(4) Employees will identify and explain basic safety requirements and good safe work habits for working in an industrial environment.

The Magotteaux foundry has a full-time workforce of over 200 employees, of whom 21 men and women participated in the training program that began in September 2022. The cohort – 13 men and eight women, aged 27 to 58 – was one of multidimensional diversity: Some participants were first-time, front-line supervisors while others had two-to-three decades of managerial experience in various industries. Their occupational roles included production management, quality, logistics, accounting, maintenance, human resources, safety, and production control. 

Jones and Pruett delivered the curriculum for the tailor-made workforce development program in the foundry’s training room two days per week, during the employees’ lunch period. All costs were covered by Magotteaux.

Offering classes in the active work zone as opposed to the university campus provided many valuable benefits to program participants. For example, instead of putting onto paper what a 5 S application would “look like,” as one would do in a classroom for an operations management class, employees went out into their respective work areas, physically applied the 5 S’s (sort, set in order, shine, standardize, and sustain), and then shared before and after images of the project with the cohort.

The instructors used D.A. Kolb’s Experiential Learning Cycle (1984) as the pedagogical model. Within that framework, instructors centered the work on “reflective observation” and “abstract conceptualization.” Coursework supplied many opportunities for reflection on workplace experience and fostered abstract concepts for direct workplace experimentation.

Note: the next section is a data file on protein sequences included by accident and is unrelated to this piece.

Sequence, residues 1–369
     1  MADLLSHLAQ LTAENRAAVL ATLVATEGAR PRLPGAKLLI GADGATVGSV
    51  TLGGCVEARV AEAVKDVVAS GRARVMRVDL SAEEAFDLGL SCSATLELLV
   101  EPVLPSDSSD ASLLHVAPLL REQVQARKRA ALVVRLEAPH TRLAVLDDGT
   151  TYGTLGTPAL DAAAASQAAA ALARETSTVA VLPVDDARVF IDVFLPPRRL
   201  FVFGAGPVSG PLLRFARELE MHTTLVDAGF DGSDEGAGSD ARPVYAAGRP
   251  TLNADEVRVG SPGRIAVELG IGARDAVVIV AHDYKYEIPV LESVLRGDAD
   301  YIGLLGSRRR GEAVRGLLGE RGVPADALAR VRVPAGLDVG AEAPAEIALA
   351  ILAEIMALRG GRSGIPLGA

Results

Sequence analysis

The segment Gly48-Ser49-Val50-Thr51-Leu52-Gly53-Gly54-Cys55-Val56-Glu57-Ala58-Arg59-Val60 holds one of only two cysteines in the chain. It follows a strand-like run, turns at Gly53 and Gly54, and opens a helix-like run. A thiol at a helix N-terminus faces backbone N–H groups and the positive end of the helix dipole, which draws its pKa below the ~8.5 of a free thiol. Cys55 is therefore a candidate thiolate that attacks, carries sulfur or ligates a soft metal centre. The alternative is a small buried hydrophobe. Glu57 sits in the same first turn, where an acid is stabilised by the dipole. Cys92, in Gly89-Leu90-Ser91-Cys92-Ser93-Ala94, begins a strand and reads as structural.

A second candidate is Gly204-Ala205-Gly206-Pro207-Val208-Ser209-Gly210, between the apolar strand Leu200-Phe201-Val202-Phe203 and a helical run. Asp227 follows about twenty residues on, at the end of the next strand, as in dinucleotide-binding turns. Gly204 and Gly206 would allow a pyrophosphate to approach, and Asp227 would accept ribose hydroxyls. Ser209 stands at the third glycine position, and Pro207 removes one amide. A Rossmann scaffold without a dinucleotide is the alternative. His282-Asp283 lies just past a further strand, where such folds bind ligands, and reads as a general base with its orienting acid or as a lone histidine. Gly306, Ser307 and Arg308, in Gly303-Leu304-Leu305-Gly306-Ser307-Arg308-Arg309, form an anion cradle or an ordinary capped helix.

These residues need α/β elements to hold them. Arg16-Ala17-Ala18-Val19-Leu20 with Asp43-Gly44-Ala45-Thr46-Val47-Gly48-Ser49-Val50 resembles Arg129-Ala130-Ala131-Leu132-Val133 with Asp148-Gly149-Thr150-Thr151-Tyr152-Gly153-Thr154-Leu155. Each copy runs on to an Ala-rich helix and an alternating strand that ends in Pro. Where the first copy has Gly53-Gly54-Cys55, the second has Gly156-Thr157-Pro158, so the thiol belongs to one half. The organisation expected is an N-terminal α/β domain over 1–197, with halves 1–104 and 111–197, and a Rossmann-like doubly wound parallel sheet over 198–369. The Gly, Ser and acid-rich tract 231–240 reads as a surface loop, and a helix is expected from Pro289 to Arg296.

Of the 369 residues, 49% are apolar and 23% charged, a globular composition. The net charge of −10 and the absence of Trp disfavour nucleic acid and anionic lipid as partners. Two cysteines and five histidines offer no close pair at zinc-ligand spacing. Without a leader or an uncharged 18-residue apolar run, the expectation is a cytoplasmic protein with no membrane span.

Interesting and useful

Some course modules were exercise driven – e.g., de-escalation roleplay and distributive bargaining in the conflict resolution module; while others were assessment focused – e.g., Myers-Briggs Type Indicator and Organizational Culture Assessment Instrument, used in the general management module.

The aim of the instructors was to deliver both an interesting and useful curriculum in a work-appropriate space. As employer and employee would both attest, training involving practical skills that are not executed quickly will soon be forgotten. Common instruction feedback processes included post-class discussions, individual and in-class inquiries, and post-module surveys.

Some students’ comments and feedback collected via surveys included:
·      “No one has ever showed me how to budget anything. This module (ethics and budgeting) was so helpful.

·       “I wish I had taken this class (business communication) earlier in life. Everyone should go through the business communication module. It made me aware of bad habits I have picked up over the years.”

·       “This was a great module (conflict resolution) and was very hands-on, with many scenarios on how to actually resolve conflict, not just at work, but in everyday life as well.”